Mixing Conservation with Art Releases Creativity

Junior Duck Program Motivates Kids to Study Nature with an Artistic Eye

Combining artistic expression and conservation, the annual Junior Duck Stamp Program gives children the opportunity to study local waterfowl and practice using their artistic skills to portray them in their native habitat. The competition even provides curriculum materials to support families and educators in expanding children’s learning as they participate!

Since the beginning of the 20th century, the commonwealth of Massachusetts has been a leader in the study of waterfowl species and their habitat. In keeping with this scientific tradition and commitment, children of almost any age are invited to participate in this year’s Massachusetts Junior Duck Stamp Program! An annual art contest that pairs the study of waterfowl with artistic expression, the Junior Duck Stamp Program provides a platform for learning about conservation, the environment, species identification, and artistic expression!

Open to children in grades K-12 (or of the age equivalent to grades K-12), participation in the Junior Duck Stamp Program requires young scientists and artists to create original pieces of artwork that showcase a species of waterfowl native to Massachusetts. Children may use visual aids in order to create their pieces, so as to ensure that the shape, size, coloration, and surroundings that they create are accurate, but all works of art should be entirely original, rather than drawn or painted as a copy of a photograph, drawing, or other representation of a bird.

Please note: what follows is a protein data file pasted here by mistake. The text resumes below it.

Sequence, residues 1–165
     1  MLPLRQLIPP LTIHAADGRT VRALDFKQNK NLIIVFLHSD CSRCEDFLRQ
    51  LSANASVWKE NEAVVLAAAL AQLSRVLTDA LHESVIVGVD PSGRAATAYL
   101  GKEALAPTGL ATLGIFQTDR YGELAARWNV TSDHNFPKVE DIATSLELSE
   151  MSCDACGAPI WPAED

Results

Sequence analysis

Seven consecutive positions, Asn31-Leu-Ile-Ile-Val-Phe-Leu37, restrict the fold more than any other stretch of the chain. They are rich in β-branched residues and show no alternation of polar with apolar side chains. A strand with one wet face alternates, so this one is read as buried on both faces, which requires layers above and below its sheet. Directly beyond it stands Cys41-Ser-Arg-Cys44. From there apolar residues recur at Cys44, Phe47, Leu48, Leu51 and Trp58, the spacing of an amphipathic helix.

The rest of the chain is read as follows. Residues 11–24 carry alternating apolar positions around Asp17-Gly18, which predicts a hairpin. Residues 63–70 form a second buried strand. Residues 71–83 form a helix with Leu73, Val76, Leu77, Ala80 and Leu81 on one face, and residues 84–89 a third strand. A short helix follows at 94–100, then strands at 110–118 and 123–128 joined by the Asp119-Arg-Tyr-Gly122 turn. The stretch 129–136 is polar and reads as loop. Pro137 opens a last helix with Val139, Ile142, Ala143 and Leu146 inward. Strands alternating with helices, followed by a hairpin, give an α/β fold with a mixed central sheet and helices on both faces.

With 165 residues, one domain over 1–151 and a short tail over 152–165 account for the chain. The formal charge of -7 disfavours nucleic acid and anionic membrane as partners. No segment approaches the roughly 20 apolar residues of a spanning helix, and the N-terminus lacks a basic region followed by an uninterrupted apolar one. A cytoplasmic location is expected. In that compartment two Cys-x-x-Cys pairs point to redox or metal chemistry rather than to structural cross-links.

While creating a truly original and accurate piece presents a significant challenge for young children, it also presents a valuable opportunity to learn about the specific habitat of certain birds and the ways in which their bodies change (or migrate) along with the seasons. In order to support parents and educators of all kinds in teaching children about local species of waterfowl, the Massachusetts Junior Duck Stamp Program offers a free educational curriculum that can be used in many educational contexts and with students of many ages.

Entries for this year’s competition must be submitted by March 15th. All entries must 9×12 inches, and must have a horizontal alignment. Once entries have been received, winners will be chosen in four different age groups on the state level, and winning pieces will advance to the national competition. National winners will receive scholarships, and state winners’ work will be displayed at waterfowl festivals across the country! Additionally, the winner piece of art will be made into a stamp, available statewide for $5 – the proceeds from which help to support future conservation efforts. More specific entry information is available from the US Fish and Wildlife Service.

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